Every time that our government panders to Muslim sensibilities we lose out in respect of our values which have developed over many years. That population senses weakness every time that this happens and it gives them confidence that, in the long term, they will win.

We will not defeat the invader by head on confrontation unless / until we get a government which supports us, so we must work incrementally.  Banning Halal slaughter will receive widespread support from all hues of the political spectrum so is a good starting point. Once we have the law then it must be enforced – Live in our Country, Live by our Rules. That is how the law is applied in the invaders’ own countries so why not ours?

The growth of Islam is a clear and present danger to us and the lives of our descendants. Its followers have been waging war against us for centuries, both openly and surreptitiously. Our exit from the EU is an essential battle in the war against Islam but there is much more required if we are to avoid subjugation to it.

Respectfully, Jack Thomas

Today’s second letter is an encouragement for members. During the leadership elections and the fallout after the result, it was easy to lose sight of what we have achieved and what we still can and indeed must achieve. Our contributor Jim Makin writes:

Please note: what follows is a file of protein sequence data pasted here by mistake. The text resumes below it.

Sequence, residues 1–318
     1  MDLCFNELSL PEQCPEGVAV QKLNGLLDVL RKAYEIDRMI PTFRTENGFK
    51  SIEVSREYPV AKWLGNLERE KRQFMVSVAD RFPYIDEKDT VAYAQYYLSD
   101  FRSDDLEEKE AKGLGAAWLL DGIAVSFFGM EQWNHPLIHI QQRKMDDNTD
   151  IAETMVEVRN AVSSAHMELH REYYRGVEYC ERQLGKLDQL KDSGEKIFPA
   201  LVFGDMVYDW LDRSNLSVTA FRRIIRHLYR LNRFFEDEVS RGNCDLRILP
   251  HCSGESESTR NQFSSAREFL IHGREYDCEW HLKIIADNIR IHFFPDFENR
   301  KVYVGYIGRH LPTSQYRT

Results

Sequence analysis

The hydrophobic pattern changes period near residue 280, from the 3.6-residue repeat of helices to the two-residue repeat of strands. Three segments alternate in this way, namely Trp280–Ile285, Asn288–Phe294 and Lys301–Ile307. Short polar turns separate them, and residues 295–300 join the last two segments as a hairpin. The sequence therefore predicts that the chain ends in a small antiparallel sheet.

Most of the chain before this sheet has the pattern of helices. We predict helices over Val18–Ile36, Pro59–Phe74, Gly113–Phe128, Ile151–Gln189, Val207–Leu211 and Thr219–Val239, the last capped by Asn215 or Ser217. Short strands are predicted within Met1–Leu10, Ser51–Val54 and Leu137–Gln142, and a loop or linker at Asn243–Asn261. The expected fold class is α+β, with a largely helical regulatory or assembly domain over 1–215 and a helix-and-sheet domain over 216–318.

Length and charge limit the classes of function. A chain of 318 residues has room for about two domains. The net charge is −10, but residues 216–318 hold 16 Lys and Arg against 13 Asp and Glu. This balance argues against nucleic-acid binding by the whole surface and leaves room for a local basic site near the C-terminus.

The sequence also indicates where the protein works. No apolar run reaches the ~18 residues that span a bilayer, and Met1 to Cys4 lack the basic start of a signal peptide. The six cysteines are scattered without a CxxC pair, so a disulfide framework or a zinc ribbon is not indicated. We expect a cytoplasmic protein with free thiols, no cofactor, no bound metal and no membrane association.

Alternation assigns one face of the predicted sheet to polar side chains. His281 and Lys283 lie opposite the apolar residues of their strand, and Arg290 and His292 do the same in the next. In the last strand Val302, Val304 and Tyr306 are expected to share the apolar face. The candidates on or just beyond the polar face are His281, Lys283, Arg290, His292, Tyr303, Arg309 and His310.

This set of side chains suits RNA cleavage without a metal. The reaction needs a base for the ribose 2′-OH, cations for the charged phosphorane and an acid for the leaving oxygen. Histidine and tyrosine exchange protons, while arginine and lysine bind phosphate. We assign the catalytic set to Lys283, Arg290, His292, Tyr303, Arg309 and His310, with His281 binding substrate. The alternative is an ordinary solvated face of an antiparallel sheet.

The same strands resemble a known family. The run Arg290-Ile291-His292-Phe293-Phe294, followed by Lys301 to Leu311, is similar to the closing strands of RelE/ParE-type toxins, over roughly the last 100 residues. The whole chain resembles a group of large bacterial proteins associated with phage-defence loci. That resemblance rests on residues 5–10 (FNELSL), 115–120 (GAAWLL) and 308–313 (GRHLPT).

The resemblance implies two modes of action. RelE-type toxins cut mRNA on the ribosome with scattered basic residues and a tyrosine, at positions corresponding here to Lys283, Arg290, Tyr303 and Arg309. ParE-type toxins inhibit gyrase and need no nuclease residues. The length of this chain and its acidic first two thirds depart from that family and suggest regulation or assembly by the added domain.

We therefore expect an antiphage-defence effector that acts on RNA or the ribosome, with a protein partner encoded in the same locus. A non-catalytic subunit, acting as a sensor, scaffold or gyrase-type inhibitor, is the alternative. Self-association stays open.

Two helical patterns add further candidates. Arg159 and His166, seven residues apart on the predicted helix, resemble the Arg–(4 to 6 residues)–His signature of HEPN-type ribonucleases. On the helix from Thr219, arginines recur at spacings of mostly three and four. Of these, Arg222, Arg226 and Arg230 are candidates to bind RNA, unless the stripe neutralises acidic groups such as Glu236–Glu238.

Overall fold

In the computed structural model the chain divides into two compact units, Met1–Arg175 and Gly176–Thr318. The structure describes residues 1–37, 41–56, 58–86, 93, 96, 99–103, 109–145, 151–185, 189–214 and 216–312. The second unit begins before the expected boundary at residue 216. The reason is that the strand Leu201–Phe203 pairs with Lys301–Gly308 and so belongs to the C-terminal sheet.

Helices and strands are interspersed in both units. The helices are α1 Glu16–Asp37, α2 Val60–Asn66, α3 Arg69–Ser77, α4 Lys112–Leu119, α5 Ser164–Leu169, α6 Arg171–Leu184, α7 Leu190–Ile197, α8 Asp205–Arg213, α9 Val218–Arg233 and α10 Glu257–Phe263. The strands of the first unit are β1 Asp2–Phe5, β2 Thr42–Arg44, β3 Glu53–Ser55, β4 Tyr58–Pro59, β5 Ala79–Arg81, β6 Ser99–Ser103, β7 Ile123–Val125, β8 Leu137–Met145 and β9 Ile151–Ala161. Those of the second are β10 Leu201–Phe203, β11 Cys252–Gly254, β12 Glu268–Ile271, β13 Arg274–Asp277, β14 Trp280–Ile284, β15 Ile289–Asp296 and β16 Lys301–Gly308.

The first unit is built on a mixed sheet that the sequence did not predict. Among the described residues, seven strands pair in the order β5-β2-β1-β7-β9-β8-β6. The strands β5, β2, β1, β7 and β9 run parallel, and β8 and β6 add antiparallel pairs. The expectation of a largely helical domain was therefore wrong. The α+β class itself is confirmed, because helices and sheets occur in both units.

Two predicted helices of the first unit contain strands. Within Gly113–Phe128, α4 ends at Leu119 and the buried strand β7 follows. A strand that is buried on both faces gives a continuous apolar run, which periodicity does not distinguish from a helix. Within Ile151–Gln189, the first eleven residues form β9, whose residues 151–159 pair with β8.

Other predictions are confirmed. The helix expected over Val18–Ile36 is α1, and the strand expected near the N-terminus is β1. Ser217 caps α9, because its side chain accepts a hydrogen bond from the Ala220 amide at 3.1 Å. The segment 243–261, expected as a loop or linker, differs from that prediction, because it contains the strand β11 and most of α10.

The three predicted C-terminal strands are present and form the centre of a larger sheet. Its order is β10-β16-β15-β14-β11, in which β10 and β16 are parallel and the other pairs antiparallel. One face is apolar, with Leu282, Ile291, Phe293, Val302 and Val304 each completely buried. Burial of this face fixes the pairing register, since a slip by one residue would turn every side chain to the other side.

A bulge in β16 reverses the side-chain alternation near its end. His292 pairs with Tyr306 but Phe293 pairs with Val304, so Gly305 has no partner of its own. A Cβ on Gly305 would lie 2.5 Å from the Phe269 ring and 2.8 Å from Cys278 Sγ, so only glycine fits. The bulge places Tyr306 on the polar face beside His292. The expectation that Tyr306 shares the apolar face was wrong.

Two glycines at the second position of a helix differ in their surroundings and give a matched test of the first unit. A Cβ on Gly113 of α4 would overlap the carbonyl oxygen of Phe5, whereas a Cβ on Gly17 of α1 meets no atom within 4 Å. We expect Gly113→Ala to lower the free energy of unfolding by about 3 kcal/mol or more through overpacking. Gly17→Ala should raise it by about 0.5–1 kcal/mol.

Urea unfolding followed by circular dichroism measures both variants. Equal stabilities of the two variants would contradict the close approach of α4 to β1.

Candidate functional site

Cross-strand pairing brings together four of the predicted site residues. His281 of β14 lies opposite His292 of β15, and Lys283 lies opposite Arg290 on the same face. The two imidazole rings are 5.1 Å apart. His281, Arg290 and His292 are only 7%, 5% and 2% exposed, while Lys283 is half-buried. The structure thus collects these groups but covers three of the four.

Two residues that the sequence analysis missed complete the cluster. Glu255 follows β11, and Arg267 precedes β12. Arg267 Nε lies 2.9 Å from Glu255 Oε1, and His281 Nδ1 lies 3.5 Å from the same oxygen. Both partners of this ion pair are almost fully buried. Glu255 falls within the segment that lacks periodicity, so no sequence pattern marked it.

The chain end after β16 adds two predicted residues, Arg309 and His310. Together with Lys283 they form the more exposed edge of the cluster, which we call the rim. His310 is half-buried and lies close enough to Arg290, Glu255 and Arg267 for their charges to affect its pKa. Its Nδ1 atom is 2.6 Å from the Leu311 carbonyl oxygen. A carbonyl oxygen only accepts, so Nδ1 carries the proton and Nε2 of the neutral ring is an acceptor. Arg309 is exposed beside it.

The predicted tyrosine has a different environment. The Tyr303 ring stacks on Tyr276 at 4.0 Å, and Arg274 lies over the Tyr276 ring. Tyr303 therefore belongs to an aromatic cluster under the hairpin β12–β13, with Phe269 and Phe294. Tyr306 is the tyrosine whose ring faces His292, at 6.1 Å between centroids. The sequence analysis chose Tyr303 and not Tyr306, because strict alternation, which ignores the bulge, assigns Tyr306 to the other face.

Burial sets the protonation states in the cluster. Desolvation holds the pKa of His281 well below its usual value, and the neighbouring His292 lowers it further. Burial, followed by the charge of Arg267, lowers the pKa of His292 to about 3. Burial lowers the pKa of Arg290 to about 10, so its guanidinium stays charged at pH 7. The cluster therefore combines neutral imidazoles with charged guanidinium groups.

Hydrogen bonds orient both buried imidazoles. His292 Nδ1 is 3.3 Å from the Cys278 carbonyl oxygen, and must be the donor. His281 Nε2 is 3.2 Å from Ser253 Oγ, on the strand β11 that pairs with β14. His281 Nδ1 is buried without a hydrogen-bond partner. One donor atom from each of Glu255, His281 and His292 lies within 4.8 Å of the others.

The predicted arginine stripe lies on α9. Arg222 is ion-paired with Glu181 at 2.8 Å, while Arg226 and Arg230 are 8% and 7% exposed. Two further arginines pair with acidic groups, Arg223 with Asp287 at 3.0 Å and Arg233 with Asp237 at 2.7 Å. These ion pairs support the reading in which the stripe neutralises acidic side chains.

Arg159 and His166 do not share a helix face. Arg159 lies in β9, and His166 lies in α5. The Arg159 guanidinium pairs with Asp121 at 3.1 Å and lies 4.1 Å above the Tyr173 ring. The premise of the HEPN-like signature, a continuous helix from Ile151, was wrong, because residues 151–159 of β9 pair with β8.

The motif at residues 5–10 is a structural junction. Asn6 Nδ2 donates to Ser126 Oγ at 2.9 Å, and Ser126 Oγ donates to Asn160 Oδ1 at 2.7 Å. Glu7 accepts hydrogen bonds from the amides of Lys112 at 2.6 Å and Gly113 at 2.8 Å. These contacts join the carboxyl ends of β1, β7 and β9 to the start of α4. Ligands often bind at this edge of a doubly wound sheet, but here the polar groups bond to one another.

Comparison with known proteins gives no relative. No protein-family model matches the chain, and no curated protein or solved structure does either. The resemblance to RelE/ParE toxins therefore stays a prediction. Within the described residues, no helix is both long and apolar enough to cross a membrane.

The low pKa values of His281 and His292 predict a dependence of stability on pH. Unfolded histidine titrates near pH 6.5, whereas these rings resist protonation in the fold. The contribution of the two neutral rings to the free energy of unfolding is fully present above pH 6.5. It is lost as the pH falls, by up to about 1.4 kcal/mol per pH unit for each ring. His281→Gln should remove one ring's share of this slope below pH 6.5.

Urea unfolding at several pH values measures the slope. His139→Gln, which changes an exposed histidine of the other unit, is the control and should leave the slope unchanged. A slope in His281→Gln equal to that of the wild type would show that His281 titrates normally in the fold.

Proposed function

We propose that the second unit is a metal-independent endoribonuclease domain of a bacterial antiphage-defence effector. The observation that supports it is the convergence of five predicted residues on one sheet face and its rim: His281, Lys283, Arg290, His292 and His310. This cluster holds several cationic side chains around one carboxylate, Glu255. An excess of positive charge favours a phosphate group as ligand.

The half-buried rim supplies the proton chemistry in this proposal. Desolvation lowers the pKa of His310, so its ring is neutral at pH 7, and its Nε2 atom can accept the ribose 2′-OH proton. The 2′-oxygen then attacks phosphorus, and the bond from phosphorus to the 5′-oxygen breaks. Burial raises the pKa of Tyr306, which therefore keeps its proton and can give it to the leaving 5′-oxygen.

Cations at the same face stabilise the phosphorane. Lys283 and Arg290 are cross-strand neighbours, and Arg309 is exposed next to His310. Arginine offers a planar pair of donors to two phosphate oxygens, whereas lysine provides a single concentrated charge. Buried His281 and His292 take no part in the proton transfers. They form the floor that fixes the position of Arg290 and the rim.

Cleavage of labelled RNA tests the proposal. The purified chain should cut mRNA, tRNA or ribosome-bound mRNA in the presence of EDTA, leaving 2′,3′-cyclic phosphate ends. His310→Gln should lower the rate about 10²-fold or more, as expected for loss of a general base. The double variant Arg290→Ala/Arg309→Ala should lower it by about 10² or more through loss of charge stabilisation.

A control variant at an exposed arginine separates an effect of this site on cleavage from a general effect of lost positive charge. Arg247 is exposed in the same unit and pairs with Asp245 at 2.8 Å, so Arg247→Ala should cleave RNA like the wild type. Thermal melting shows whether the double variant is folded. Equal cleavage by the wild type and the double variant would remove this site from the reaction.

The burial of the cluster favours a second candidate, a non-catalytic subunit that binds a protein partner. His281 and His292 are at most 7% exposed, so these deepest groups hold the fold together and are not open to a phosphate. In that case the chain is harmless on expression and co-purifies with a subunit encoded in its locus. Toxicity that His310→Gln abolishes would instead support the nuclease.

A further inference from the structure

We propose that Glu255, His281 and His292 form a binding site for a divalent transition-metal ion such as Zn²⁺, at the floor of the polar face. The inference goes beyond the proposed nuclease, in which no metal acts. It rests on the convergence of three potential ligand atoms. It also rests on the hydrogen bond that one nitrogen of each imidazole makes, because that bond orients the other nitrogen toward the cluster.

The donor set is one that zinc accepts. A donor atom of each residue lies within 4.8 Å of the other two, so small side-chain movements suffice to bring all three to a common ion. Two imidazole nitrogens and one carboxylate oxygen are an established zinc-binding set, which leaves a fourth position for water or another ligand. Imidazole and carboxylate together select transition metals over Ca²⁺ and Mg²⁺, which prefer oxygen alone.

Woe, Woe, and thrice Woe!

Labour are resurgent, the Tories are imploding, the Lib-Dems have evaporated (temporarily – being undead they will return) and UKIP is . . . actually, relative speaking, in passable nick.

Our policy stance is sensible, traditional, and long awaited (thank you Steve Crowther, we owe you), our leader is elected by a handsome vote, presentable, articulate and experienced (if yet untried), and our brand (some would say unnecessarily revised) survives in slightly amended form. But UKIP is already indelibly branded into the public consciousness.

Unlike the Tories, we know what we are for, unlike Labour we are not led by a relic of the past pursuing the failed policies of the past, unlike the Lib-Dems we strive for a cause rather than for a Party.

Most importantly, the miraculous vision of Mrs May calmly at the helm of the good ship Brexit, which led to our wipe-out at the general election, is now blown away by her Florentine capitulation to the EU’s non-negotiating tactic, and her disastrous performance as captain of a crew in disarray seemingly on course to go down even before the ship itself sinks.

The stage is set if we care to take our eyes away from our own infighting.

It’s true that we still have the same old UKIP for now, with its opaque leadership (and we look to Henry to insist upon change in due course). Some who implacably wanted their own candidate to triumph have left us (it’s a free country) and we who remain (sorry about that word) are free to put UKIP back on the political map.

No UKIP isn’t perfect but look at the competition.

What are we waiting for?

Respectfully, Jim Makin